Can you imagine being the one to find those smallpox vials? "Hm, what's in this box over here? OMG OMG OMG OMG"

"Hey, Stu... 'Variola' means 'smallpox,' right?"
"Yeah, why do you -- Hey, why are you running?"
posted by Etrigan at 7:15 PM on July 8 [6 favorites]


straight: "Freakin' Slenderman has fiercely captured the darkest corners of a lot of imaginations. Imagine if Slenderman had actually, in real life, killed two thousand people."

Yeah, Slenderman only has one, and that's not even successful... only a failed attempt.
posted by symbioid at 7:17 PM on July 8


I live about a mile from the CDC. I hope they were extra careful driving that damn box in. Atlanta is in dire need of major, MAJOR street repair.... Hit a pot hole right and I'm done. Sigh.
posted by pearlybob at 7:20 PM on July 8


I was in elementary school when Ebola Reston or Reston Virus was discovered and it was basically ten miles down the road from us so...kids gonna freak each other out with "you're gonna get Ebola!" or something like that. Also it was really trippy that that was how our area got national attention.
posted by sweetkid at 7:47 PM on July 8


(I love that sub genre, medical thrillers? Disease proceedurals? Where can I see more?) .

World War Z? ;)
posted by anonymisc at 8:25 PM on July 8


KokuRyu, Ebola is a subset of the VHFs. I will, on occasion, point out to people that one of the worst epidemics would happen if a hemorrhagic fever was aerosol transmitted and had a long incubation time. For added fun, some scientists have managed to breed aerosol-transmitted VHF…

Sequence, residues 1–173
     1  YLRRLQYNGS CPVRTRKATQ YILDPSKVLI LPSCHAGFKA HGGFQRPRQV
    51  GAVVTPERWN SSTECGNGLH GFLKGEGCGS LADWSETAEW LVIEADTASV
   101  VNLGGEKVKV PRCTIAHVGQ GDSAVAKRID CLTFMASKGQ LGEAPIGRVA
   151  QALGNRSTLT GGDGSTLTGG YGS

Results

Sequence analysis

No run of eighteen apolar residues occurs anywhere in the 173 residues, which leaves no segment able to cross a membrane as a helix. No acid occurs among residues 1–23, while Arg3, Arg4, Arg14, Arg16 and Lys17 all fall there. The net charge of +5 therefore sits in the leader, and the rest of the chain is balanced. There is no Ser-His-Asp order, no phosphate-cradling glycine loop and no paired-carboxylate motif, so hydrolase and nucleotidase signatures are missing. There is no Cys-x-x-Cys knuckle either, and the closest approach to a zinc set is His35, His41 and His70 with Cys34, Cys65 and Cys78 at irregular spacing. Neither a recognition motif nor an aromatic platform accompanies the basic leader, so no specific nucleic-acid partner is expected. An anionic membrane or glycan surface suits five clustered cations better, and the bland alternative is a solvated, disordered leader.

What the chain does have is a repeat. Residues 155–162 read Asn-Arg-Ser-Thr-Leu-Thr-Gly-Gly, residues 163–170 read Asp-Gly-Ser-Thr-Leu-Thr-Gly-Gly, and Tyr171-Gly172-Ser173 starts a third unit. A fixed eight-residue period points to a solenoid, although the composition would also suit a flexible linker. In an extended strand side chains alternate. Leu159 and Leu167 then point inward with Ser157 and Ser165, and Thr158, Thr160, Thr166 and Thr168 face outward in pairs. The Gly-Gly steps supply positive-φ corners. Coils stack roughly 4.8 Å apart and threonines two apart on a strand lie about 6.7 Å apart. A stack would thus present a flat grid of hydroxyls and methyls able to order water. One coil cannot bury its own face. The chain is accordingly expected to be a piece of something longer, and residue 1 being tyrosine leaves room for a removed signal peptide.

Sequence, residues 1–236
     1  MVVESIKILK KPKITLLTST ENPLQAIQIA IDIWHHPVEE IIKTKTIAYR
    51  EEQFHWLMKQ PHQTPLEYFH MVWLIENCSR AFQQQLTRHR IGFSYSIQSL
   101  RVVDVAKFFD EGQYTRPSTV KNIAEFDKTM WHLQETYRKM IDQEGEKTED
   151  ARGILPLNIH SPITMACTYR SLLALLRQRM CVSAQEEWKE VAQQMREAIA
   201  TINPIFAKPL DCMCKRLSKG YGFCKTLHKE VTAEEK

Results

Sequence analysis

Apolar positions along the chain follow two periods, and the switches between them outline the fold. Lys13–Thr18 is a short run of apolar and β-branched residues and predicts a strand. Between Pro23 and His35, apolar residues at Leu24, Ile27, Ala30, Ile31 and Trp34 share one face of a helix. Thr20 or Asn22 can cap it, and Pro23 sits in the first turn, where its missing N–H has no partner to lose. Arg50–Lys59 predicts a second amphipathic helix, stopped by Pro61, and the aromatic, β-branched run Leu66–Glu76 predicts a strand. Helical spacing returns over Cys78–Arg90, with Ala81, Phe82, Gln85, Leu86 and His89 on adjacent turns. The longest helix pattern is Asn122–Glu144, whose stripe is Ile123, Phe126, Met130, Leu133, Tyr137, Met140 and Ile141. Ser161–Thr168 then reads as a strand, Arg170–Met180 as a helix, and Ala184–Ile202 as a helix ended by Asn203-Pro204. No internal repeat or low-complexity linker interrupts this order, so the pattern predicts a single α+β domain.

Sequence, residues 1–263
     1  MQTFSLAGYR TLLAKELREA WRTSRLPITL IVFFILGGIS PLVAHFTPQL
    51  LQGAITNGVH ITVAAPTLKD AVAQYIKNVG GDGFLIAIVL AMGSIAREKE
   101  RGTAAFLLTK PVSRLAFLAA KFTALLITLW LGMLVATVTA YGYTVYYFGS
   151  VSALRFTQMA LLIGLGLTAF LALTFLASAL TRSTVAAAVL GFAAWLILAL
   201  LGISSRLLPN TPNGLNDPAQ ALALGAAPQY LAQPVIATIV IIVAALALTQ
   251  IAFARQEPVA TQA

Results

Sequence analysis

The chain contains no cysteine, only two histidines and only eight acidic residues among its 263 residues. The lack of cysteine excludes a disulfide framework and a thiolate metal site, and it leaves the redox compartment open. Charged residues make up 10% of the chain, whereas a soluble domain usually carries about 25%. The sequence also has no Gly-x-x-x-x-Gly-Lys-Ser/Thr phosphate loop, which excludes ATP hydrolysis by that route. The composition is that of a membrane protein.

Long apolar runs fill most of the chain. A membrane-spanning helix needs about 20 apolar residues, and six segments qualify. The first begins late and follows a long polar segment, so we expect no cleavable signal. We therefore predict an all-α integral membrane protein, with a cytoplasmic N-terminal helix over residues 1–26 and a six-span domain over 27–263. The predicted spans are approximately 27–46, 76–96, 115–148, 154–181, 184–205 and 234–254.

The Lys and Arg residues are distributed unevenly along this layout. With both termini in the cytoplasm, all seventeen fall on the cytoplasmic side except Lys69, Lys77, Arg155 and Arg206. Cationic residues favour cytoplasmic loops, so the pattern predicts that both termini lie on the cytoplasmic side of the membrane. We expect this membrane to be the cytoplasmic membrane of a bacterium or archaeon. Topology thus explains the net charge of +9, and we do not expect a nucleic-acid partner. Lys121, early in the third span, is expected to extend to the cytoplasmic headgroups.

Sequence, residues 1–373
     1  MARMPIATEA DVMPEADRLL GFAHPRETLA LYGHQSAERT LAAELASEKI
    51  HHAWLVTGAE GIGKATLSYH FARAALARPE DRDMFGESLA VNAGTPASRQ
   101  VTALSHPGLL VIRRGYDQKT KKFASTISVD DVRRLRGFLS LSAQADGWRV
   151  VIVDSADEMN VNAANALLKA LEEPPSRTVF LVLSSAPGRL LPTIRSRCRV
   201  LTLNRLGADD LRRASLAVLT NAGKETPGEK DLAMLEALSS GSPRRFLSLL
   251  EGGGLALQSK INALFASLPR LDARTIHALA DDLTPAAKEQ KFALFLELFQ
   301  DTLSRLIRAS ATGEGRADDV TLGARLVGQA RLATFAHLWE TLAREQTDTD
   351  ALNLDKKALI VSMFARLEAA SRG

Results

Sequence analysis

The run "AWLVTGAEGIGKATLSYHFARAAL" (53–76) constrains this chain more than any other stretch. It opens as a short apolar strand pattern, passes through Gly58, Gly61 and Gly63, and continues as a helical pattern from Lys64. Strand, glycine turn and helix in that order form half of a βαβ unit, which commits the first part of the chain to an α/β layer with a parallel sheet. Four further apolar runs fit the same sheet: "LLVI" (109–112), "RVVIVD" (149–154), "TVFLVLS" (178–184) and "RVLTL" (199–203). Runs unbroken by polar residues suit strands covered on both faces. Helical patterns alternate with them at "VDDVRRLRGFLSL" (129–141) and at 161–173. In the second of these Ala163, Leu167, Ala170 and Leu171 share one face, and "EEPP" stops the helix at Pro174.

For reading, I rather enjoyed Level 4: Virus Hunters of the CDC which has inspired several donations to Doctors Without Borders to help work on diseases in Africa. It's a shame that the region is so unstable, making preventive care and treatment difficult.
posted by caphector at 9:55 PM on July 8 [2 favorites]


I've thought many times that the DC area is the perfect place for a germ tour, like the modern version of London's Jack the Ripper tour. Between the Reston Ebola outbreak, the DC Anthrax attack, and Ft. Detrick, it should be pretty easy to plan a fun and informative day trip with many examples of scary-as-fuck microbial and viral death for people who enjoy that kinda thing.

Someone alert Sarah Vowell, I would listen to her talk about her DC area germ tour.
posted by dawg-proud at 10:20 PM on July 8 [3 favorites]


Can you imagine being the one to find those smallpox vials? "Hm, what's in this box over here? OMG OMG OMG OMG"

Well I did see the relevant episode of Leverage, and it gave me more feelings than ANY OTHER EPISODE OF LEVERAGE, which is a show that gives me a LOT of feelings. So I can sort of imagine it.

Though that episode involved Spanish flu, not smallpox. And I expect actually finding deadly, epidemic-level diseases that the population isn't prepared to is somewhat less likely to make me discover my OT3.
posted by NoraReed at 10:37 PM on July 8 [1 favorite]


Variola is a much cuter name than smallpox, though. Like an old gramophone, or a 1900s era soda.

Perhaps we can rename ebola as iBug or Zezt.
posted by Devonian at 3:47 AM on July 9 [1 favorite]


Perhaps we can rename ebola as iBug or Zezt.

Ask your doctor about MortaliaTM.
posted by BrashTech at 9:00 AM on July 9 [1 favorite]


Ebola deaths continue to rise
posted by The Whelk at 7:05 AM on July 16


WaPo: Two infected Americans, a dead Liberian doctor, and the worst-ever Ebola outbreak
posted by KatlaDragon at 2:17 AM on July 28


The number of experienced medical personnel that are being infected, even those without direct contact with patients (Writebol was only helping disinfect those returning from sessions with patients, not working with patients herself) suggests that the "it's no problem as long as you wash up" framing of the OP is not precisely accurate.
posted by tavella at 12:40 PM on July 28